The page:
Clearance Rights Systems are only one dimension of the current problem.
4.
NEW GROUPS OF USERS
The development of programs is basically determined by market demand. At the moment, one
typically thinks of the term document management in the context of commercial solutions in
business enterprises. This technology has, however, already reached the PCs of workers at
home via virtual workplaces. Document management with all its variations on organisation,
retrieval and exchange of documents is being democratised. Document management
functions will enhance the standard Internet communication media with technologies for
checking and providing large quantities of information.
It is unlikely though, that the majority of new users will get to know these functions as
autonomous document management or workflow tools. The functionality will be hidden to a
much greater extent in new types of applications capable of organising the workflow from the
empty fridge to the traders special offer.

4.1.

The Professional User


Almost all document management products available on the market are aimed at the
professional user in business and administration. Document management, electronic archiving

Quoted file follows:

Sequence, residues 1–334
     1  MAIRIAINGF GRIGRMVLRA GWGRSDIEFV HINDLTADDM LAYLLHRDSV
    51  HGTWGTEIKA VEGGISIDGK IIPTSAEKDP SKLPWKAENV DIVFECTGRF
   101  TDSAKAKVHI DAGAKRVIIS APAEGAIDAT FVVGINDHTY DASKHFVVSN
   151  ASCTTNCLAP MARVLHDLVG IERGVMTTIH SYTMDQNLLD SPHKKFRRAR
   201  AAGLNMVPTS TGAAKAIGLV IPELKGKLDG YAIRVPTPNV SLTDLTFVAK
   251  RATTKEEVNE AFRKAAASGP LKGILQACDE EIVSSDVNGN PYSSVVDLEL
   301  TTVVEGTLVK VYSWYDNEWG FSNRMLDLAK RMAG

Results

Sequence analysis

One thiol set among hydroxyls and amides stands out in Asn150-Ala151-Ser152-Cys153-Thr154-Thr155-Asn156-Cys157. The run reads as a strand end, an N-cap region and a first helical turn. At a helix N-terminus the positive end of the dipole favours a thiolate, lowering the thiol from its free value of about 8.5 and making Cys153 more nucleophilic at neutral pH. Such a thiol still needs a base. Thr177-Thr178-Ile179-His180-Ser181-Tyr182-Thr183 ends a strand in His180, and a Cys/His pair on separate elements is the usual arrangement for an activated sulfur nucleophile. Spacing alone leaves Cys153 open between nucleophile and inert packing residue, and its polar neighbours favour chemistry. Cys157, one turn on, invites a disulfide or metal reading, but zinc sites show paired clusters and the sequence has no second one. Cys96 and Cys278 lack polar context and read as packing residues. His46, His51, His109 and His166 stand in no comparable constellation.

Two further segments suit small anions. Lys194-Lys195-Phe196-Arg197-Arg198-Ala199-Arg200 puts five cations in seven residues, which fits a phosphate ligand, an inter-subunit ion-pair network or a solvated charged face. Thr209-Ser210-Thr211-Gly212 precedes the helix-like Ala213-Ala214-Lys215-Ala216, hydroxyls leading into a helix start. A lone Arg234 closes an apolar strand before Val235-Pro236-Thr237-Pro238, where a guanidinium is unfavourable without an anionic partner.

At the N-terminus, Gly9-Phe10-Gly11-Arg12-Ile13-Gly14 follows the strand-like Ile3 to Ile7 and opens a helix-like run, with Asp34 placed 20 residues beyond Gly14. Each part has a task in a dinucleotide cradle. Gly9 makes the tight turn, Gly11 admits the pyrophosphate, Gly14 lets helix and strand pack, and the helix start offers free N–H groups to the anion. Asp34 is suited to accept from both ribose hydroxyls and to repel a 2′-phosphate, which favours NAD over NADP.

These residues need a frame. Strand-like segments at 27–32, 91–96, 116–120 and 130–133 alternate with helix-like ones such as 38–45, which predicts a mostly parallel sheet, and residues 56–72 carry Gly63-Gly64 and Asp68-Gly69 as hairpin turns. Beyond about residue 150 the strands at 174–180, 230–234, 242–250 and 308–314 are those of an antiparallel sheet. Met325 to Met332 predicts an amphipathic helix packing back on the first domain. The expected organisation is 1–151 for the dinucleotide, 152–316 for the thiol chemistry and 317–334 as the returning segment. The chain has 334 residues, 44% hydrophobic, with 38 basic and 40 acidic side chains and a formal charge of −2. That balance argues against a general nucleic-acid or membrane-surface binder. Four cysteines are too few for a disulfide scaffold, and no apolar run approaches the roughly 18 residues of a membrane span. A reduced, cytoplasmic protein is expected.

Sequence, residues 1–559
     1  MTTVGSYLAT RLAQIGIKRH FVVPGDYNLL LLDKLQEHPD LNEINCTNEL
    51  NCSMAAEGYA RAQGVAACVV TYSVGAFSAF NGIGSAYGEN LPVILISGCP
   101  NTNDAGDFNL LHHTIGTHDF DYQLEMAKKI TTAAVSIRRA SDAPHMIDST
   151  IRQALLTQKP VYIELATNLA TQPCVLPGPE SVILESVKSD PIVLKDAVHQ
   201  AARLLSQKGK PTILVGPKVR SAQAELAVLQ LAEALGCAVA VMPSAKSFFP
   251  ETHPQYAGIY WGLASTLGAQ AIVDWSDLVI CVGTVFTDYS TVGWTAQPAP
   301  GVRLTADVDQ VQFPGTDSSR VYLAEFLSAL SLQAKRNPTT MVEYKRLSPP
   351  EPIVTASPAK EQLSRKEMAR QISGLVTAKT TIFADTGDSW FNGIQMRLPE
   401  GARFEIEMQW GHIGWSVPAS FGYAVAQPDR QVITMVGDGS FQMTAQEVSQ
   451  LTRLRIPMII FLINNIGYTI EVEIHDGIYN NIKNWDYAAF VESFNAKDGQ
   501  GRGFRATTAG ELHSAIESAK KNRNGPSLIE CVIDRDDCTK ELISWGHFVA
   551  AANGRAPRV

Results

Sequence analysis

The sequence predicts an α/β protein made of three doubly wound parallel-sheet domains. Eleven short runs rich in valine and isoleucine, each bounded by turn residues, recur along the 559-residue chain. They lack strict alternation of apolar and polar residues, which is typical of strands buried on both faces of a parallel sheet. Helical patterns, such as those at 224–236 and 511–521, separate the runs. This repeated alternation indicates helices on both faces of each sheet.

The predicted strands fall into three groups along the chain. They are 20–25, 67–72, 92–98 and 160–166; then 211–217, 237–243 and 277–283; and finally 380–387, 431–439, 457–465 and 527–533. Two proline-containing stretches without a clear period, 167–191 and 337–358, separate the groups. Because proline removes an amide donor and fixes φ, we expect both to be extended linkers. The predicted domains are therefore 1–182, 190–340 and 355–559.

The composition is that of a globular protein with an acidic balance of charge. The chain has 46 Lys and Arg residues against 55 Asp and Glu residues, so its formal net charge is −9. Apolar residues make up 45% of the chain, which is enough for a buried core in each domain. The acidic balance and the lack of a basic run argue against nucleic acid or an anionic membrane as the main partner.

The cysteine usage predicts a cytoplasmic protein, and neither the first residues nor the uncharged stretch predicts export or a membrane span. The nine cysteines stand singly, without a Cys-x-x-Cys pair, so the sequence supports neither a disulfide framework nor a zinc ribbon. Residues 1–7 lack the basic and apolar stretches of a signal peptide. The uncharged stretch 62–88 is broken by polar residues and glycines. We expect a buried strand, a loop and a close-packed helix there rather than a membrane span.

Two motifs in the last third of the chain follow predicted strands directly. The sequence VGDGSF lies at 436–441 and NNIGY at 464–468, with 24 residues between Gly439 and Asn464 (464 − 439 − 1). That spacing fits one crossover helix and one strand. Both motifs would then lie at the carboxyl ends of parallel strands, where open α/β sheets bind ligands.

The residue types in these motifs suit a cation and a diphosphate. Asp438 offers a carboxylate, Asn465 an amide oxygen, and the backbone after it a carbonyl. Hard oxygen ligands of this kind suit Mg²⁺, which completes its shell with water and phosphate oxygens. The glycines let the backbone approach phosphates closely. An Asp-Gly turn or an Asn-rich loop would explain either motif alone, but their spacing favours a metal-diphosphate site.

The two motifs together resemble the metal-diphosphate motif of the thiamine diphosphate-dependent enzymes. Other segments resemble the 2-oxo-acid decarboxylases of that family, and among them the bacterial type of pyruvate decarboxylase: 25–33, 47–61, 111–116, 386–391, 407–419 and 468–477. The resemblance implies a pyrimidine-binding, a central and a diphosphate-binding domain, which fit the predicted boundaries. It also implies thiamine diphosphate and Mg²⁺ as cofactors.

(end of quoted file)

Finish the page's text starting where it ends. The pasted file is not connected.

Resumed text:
and workflow were introduced to simplify office procedures. Depending on complexity and area
of use, the user might work continually or only occasionally with such an application.
The products are specially designed for this area of application. They are mainly installed as
independent, internal solutions operated by the company itself. It is currently estimated that
just ten per cent of all potential users have access to a system of this kind in the workplace.
The potential for development in this area is therefore not going to be exhausted for a long
time to come.
In terms of professional users, archivists or record managers also need to be considered.
Their demands previously revolved around systematic management of information and less
around the aspect of continual use or reuse. Todays typical archivists are at the very end of
the information chain. They therefore have very little influence on how archive and document
management systems need to be created for more widespread use. In general, an archivist or
an inquiring user will know what questions need to be posed or what the relevant document is,
this is no longer the case when archives are made available for more general access.
Consequently, archivists have to become information managers to be able to introduce
retrieval and archiving aspects right from the formation of documents. A new job profile thus